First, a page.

But at home, I needed to juggle sessions between the client meetings. And it was too easy to get distracted by the pets, kids, package deliveries, etc. Also funny you should mention snacks. If you go to TechEd in Las Vegas, the whole time (except for 1-2 evenings when you have to find dinner) you are taken care of. Food is brought to you, the room is nice and clean when you come back in the evening. That’s not happening at home, especially for women (cough).
The sessions being all over the place time-wise was also challenging. I’ve heard some people getting only a few hours of sleep. And I found myself staying online from 8 am till 1 am, with a short break for dinner.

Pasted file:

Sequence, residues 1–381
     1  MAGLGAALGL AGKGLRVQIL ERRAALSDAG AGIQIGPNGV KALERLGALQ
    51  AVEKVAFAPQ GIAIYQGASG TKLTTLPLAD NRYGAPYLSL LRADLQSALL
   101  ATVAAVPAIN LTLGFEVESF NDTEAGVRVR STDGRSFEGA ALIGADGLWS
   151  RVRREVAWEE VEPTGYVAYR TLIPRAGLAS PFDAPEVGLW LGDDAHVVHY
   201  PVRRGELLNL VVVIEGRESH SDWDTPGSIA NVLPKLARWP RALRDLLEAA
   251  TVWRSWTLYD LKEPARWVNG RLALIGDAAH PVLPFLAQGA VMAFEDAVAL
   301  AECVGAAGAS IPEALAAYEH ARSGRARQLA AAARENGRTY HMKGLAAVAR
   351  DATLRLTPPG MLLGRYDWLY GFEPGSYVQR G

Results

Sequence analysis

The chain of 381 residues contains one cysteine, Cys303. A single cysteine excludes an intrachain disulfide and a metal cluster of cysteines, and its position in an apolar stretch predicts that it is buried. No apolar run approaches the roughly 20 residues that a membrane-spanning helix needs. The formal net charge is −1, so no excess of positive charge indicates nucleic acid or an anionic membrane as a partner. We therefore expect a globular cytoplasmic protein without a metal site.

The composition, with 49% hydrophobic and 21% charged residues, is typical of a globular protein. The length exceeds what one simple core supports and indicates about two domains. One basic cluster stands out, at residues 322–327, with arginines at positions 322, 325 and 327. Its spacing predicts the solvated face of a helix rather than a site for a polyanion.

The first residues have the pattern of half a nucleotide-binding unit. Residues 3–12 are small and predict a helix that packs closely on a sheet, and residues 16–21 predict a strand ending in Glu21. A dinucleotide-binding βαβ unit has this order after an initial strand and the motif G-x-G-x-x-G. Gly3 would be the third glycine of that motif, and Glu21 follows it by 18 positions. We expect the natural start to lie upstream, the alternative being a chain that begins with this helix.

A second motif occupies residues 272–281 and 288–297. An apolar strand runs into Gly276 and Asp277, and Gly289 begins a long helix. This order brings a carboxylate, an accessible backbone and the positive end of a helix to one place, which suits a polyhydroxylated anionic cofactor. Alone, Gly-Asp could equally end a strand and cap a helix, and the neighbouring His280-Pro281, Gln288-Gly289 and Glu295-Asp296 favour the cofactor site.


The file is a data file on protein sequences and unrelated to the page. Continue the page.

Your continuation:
So, again, overall great event but if we do this again (and I hope so), there should be some changes.
Edit: forgot to mention you brought up excellent point that everyone could attend. In my past experience, the TechEd trips were sometimes used by the management as a reward and sort of entertainment trip. Which lead to the wrong people being sent and then not sharing anything with others.
Totally agree. Some people didn't have the luxury of taking those three days off and away from work I did. The lack of sleep made for interesting days/nights.
I did miss the connection with other people. But I think it's a trade off. For me - I loved being home. I work from home. When my door is closed no one bugs me. My son is in his 20s and saving for a house so he actually does still live with me. My furry companions - it was nice to have the available to pet.